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Editor’s note by Christopher Kimball

Pease Porridge Hot

Back to November-December 2017

Editor's Note

I had driven up from London to the Lake District to visit Ivan Day, who has lived most of his life in the world of the 17th century. He occupies a modest home on a narrow lane with a rambling English garden and a view of the town and pastures below. It is a picture postcard for the saying, “There will always be an England.”

Step inside and one is transported back to the Middle Ages, part museum and part working kitchen. The fireplace is stuffed with a coal tender, and in front there's an antique rotisserie powered by a clock-jack—a Rube Goldberg device that looks like the inner workings of a grandfather clock with weights, pulleys, a large black iron crank, plus a bell that rings when the jack needs winding. A massive mortar and pestle stands in the corner; the mortar is made of wood and stands 4 feet tall; the top of the pestle reaches over one’s head and is held in place with a bracket fastened to the wall. (The pestle is lifted and gravity does the rest.) The bric-a-brac cupboards hold extensively decorated sugar and gingerbread molds (3-foot high gingerbread royalty was sold by street vendors), plus a library of cookbooks dating back well before the 19th century.

On the menu was a leg of lamb cooked on the rotisserie, plus mashed potatoes, finished off under the dripping roast to acquire a rich mahogany crust. The potatoes were, arguably, the best thing I have ever eaten. It was a reminder that roasting was an art and that “roasting” meat in an oven, our modern version, in nothing more than an insipid, baked imitation.

Cooking began with fire and, in many parts of the world, the tradition continues. In Florence, at Trattoria Sostanza, one parts the beaded entrance to enjoy bistecca alla Fiorentina, steak grilled over a simple wood fire. In the Sahara, one finds small, flat ovens dotting the landscape, used by nomadic Berbers who have limited fuel to bake flatbreads. In Vietnam, street vendors in a small northern village cook on grates over wood, offering eggs hard-cooked in the shell and grilled yams. In Sichuan, a wok is an efficient cooking device, heating up quickly with a minimum of fuel. And in Argentina, whole spatchcocked lamb carcasses are placed on large metal racks, angled toward the wood fire at the center of a roasting circle.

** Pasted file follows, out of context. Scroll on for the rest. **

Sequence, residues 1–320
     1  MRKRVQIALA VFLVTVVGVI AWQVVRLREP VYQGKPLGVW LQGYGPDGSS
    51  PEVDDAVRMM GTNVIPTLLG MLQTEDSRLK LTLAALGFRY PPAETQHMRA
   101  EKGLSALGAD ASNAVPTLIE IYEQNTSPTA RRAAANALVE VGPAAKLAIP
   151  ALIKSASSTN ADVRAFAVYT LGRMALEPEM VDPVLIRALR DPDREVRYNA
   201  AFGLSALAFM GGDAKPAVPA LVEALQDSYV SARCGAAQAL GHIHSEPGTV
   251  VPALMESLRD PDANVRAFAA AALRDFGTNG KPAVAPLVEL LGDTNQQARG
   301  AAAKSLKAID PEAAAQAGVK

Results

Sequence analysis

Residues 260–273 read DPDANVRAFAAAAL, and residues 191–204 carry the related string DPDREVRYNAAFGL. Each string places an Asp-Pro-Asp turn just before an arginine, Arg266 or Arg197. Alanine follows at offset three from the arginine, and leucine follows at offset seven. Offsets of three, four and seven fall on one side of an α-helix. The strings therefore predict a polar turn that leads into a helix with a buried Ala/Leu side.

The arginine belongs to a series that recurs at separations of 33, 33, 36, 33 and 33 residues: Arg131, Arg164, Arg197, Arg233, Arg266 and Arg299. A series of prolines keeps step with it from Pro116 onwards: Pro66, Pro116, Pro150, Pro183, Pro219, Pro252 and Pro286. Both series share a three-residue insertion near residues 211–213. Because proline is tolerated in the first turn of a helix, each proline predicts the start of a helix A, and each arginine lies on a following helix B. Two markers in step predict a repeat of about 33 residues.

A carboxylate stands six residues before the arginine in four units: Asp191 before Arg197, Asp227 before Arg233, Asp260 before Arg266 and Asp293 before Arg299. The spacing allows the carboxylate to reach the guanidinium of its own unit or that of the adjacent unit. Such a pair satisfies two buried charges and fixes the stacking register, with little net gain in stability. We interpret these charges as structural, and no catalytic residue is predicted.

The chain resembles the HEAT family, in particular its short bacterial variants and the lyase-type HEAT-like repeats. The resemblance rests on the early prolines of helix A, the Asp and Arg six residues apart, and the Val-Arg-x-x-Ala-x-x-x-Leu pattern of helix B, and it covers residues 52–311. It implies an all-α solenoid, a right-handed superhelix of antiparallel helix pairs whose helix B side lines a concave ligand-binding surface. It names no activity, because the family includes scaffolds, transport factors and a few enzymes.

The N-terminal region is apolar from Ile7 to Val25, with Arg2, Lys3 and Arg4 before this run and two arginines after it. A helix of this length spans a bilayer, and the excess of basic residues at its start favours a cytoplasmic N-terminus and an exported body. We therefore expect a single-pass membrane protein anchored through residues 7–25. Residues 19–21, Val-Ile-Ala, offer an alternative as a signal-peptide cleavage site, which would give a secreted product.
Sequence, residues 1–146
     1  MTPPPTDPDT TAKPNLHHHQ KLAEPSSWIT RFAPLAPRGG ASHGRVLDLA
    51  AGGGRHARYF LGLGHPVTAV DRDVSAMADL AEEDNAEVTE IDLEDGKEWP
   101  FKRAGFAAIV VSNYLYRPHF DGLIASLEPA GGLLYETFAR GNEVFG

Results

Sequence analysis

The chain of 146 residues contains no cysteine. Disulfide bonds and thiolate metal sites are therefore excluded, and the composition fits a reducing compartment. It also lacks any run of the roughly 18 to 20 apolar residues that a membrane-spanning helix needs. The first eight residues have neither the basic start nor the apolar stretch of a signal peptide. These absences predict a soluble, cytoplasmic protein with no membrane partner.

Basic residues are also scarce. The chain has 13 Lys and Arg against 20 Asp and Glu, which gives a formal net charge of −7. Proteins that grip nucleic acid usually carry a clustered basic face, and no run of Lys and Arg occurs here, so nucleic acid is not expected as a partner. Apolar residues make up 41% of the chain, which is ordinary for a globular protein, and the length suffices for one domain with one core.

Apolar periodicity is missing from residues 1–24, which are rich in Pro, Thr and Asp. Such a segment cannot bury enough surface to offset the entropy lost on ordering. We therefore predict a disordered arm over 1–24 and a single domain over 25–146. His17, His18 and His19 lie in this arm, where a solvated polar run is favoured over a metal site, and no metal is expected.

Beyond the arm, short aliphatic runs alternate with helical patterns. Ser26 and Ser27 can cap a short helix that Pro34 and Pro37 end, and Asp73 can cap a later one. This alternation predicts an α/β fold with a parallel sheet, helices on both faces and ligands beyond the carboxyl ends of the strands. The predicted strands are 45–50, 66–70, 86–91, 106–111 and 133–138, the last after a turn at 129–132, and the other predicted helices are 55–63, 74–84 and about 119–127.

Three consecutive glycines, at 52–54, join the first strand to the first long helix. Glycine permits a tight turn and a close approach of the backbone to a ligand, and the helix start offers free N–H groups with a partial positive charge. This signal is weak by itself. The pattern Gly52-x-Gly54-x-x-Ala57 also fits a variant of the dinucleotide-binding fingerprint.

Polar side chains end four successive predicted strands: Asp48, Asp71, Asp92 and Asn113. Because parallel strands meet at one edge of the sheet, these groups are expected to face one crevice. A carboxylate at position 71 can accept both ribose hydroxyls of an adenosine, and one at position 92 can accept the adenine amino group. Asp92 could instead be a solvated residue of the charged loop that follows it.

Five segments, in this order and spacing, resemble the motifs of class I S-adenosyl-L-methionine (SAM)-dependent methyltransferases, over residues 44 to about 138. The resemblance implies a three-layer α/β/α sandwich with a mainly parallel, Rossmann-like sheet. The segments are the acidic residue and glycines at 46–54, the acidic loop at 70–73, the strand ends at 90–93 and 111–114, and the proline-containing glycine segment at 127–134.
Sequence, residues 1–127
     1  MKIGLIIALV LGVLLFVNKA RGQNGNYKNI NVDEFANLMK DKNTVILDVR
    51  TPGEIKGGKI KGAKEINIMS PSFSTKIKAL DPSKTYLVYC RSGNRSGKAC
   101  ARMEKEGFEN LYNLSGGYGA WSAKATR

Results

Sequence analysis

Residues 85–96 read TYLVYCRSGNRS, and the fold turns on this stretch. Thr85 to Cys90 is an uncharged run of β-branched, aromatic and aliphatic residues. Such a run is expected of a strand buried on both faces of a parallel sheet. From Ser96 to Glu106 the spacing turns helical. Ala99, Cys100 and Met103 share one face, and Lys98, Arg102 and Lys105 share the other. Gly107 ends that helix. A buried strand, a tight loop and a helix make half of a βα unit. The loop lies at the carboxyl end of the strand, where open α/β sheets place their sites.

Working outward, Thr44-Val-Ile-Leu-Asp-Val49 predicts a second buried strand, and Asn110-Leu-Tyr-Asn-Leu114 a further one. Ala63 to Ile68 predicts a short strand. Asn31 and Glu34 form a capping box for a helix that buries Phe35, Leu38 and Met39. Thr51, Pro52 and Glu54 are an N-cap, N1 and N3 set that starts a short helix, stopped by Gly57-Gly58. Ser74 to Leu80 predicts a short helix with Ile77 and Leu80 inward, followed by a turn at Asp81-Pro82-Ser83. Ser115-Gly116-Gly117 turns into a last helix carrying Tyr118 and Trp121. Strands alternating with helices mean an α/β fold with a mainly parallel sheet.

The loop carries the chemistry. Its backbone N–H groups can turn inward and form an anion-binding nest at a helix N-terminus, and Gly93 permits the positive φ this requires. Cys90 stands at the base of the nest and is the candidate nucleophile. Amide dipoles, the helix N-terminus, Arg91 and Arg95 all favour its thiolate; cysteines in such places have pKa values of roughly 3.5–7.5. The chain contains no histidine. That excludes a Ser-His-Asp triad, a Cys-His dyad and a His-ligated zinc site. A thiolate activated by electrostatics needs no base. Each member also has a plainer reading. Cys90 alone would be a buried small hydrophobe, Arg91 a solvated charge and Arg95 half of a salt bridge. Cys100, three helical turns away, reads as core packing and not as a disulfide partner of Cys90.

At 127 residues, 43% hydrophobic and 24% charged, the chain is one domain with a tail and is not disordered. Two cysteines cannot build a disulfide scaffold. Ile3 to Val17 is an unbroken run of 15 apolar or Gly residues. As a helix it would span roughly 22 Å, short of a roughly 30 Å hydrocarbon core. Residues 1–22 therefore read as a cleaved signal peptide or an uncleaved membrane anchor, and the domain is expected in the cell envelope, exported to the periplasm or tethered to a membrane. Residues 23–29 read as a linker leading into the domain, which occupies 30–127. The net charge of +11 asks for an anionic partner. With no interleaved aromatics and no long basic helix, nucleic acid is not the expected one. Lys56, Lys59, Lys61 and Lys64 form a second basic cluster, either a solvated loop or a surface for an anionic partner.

Once the cooking pot was invented, cooks could boil water. Small animals or parts of large ones were easily cooked at the perfect temperature since water cannot rise above the boiling point. (Tthough abandoned by modernity, the French pot au feu and the Austrian Tafelspitz are reminders of this mostly lost art.) Then stomachs and intestines were stuffed with forcemeats and boiled alongside the bigger cuts. Cooks discovered steam and the English pudding was born, an economical way of cooking almost anything in a bowl—sweet or savory—with a minimum of fuel, just enough to keep a modest amount of water producing steam. (See our recipe for steamed marmalade pudding on page XXX.)

Traveling the world, one is reminded that our culinary beginnings were hardly primitive. They were clever and practical, perfectly suited to the climate, the fuel, the technology and the ingredients. Many cultures cooked flatbreads on hot stones (including Native Americans, who made an early version of hoe cakes), roasted pigs and other large animals underground on a bed of coals or heated stones, or used salt to quickly cure fish for ceviche, a simple lunch served on fishing boats off Peru, finished off with a squeeze of lime.
Years ago, I recreated a 12-course Fannie Farmer dinner and discovered the method in the madness of 19th century cookery. Though larding, multi-layer gelatins and brain balls may no longer be practical in the 21st century, the stock pot on the “back burner” is the perfect example of optimizing the tools at hand, a dumping ground for bits and pieces that eventually yield a rich stock.

The lesson for modern cooks is adaptability and a keen eye for culinary advantage. Our forebears shifted to gas from wood, to stovetop from fireplace, and to the skillet from the cooking pot. There is something new stirring in our culinary souls, something bold, fresh and simple. Now it is our turn to change.

And yet, I welcome tradition as a paean to the soul—a connection with the pageant of human history. Though I will tea-rub my turkey, jazz up the mashed potatoes with spices and horseradish, and serve ginger-spiced steamed marmalade pudding for dessert (along with apple and pecan pies, of course), these are still variations on tradition. That’s how I like it when the wind blows cold, the skies turn dark and leaden, and the fireplace springs back to life after summer hiatus. The past will always have a seat at my dinner table.

November-December 2017